Polar codes are a channel coding technology which is most probably used in near future's trend 5G networks. Communication links are susceptible to errors due to random noise, interference, etc. That errors corrupt the original message at the receiver. Channel coding basically employs a set of algorithmic operations on the original data stream at the transmitter, and another set of operations on the received data stream at the receiver to correct these errors. In this project, a test system for polar codes will be implemented on Arty Z7 FPGA card using VHDL. We want to make our system very flexible. Flexible means that users can change any varible like message bits count, coding rate, binary erasure channel error probabilty whenever they want. So that, we need to send commands to FPGA and receive outputs from FPGA. Due to less amount of leds, switches on Arty Z7 board we decided to use serial communications like UART. We implemented and tested UART receiver and transmitter. For commands, we decided to create own operating codes table. In UART, message bits counts are eight, so first 4 bits are operation and last 4 bits are relevant data for selected operation. You can see first version of operation codes in Fig1, that table will be improved during development time.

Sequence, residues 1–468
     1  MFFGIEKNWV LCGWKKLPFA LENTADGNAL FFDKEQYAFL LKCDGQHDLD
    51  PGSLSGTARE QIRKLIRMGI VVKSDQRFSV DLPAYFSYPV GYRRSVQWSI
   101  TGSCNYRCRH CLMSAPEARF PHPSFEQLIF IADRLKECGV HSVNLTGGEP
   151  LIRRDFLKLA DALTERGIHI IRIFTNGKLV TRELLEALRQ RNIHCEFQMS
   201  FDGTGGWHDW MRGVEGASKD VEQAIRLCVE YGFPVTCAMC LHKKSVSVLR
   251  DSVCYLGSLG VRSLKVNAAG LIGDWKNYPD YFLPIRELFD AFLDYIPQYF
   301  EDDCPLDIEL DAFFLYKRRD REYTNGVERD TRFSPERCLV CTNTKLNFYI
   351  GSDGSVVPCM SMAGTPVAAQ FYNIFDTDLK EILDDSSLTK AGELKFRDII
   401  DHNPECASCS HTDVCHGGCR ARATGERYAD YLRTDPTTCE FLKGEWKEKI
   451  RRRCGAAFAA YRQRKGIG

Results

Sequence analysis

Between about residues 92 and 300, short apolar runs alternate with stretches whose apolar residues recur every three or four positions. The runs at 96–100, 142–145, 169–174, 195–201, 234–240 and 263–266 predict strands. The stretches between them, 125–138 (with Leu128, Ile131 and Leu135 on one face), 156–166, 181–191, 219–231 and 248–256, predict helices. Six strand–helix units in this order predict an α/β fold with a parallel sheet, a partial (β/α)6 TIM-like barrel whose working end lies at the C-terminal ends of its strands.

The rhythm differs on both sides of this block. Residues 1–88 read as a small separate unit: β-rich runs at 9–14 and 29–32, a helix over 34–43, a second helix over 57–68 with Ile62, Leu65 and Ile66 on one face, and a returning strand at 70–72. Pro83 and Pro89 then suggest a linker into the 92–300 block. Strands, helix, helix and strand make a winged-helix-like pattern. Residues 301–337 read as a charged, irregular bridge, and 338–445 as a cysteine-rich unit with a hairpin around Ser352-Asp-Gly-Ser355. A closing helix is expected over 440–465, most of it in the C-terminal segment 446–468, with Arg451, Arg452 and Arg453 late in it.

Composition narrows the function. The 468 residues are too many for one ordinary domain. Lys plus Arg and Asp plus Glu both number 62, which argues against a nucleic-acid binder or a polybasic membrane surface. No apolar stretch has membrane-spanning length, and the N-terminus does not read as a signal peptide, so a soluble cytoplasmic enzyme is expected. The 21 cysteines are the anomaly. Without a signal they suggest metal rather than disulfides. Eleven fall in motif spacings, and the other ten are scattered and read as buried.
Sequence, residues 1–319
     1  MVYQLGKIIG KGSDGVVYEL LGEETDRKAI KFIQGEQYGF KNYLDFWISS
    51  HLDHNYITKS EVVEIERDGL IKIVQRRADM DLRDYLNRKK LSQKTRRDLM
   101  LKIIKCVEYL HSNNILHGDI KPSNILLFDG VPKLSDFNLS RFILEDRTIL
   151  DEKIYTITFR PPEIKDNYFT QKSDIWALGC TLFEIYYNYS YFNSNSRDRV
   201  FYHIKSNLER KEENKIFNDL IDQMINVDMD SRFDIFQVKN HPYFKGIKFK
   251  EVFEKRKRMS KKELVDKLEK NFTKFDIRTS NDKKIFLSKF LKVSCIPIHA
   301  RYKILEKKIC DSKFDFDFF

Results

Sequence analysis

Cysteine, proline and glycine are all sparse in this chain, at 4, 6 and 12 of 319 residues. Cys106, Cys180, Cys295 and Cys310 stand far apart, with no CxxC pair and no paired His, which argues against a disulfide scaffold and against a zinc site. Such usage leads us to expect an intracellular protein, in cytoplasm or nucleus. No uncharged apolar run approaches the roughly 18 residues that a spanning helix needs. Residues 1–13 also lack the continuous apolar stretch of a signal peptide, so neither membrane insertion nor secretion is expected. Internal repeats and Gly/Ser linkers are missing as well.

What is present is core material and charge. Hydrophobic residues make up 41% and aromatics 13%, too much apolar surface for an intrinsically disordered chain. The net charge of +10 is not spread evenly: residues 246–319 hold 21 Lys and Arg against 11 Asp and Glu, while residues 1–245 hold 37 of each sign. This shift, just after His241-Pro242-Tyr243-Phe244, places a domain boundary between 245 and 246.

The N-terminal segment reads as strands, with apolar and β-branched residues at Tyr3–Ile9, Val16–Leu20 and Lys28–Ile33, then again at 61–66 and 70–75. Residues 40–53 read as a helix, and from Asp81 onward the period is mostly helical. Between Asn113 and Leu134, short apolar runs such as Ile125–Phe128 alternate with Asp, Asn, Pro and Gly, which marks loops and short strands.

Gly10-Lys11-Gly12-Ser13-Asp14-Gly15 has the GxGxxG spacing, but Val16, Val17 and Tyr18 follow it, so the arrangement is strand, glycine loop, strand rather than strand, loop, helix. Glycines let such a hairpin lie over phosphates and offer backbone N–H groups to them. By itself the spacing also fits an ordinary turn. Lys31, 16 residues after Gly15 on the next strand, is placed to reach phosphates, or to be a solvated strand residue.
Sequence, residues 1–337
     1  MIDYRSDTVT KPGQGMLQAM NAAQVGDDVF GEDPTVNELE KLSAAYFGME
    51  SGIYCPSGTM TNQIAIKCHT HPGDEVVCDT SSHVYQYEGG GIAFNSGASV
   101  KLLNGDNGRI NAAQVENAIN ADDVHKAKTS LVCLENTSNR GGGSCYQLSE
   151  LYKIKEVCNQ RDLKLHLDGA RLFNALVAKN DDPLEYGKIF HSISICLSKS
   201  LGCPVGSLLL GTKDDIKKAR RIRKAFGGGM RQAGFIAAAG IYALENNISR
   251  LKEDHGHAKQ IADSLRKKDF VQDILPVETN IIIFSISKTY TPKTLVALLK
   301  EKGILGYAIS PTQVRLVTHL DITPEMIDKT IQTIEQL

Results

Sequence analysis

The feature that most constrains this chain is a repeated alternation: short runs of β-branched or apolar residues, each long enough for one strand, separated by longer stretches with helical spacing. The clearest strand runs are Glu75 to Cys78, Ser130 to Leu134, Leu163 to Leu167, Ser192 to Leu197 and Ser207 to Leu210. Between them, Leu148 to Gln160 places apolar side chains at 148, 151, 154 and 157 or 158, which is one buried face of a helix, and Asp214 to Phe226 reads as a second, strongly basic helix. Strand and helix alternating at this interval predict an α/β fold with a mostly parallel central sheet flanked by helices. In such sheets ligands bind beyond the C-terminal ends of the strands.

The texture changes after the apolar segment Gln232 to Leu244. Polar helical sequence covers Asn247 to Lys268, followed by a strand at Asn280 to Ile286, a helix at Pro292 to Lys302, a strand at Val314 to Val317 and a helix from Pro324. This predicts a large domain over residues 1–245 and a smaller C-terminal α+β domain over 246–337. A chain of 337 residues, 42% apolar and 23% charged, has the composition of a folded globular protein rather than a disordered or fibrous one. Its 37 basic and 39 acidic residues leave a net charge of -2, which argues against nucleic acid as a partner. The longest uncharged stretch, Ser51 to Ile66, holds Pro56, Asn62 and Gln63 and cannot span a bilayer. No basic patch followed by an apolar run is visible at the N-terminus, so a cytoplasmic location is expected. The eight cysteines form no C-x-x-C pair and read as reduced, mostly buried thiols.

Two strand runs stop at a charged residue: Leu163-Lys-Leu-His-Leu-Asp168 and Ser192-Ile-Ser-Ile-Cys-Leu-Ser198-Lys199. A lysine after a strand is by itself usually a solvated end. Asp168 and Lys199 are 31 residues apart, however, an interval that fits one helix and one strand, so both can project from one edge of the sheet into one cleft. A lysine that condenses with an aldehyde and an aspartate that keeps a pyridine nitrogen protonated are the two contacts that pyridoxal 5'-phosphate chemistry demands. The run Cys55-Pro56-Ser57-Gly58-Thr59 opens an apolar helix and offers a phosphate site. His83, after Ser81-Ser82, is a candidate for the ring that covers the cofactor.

Fig1: Simplified own UART Operations table
We successfully implemented Polar Encoder and tested. Polar encoding is XOR operation according to some rules. It can be done static XORs for static message lengths but due to our flexibility mission, we use G_Matrix method for encoding operation. Each 1 (one) in the G_Matrix shows XOR operation. You can see that G_Matrix for eight bits and relevant XOR scheme in Fig2.
Fig2: Polar encoder using G_matrix
And in Fig3, here is the simulation result of our Polar Encoder implementation. In our implementation G_Matrix calculated from scratch according to 8 bits. We checked the encoded data Erdal Arıkan who is the inventor of the Polar Codes and it is true.
Fig3: Polar encoder simulation result
We used Nexus 3 for testing UART because it has 8 leds and switches. You can see UART receiver in Video 1 also UART transmitter in Video 2.
To sum up, we implemented UART receiver, transmitter and Polar Encoder. We not implement UART operation codes because we focus on the Polar Decoder and most probably we will finish Polar Decoder in ten days. After the completion of FPGA parts we start the benchmark runs using operation commands and receive results of the benchmark runs. As the outcome of the project, we will create bit error rate(BER) graphs using received results from FPGA and we will see how close polar codes proposed for todays popular technologies like 5G networks will achieve a bit rate performance of Shannon’s theoretical limit. In video 3, you can watch short presentation about our project.
Thanks for reading so far.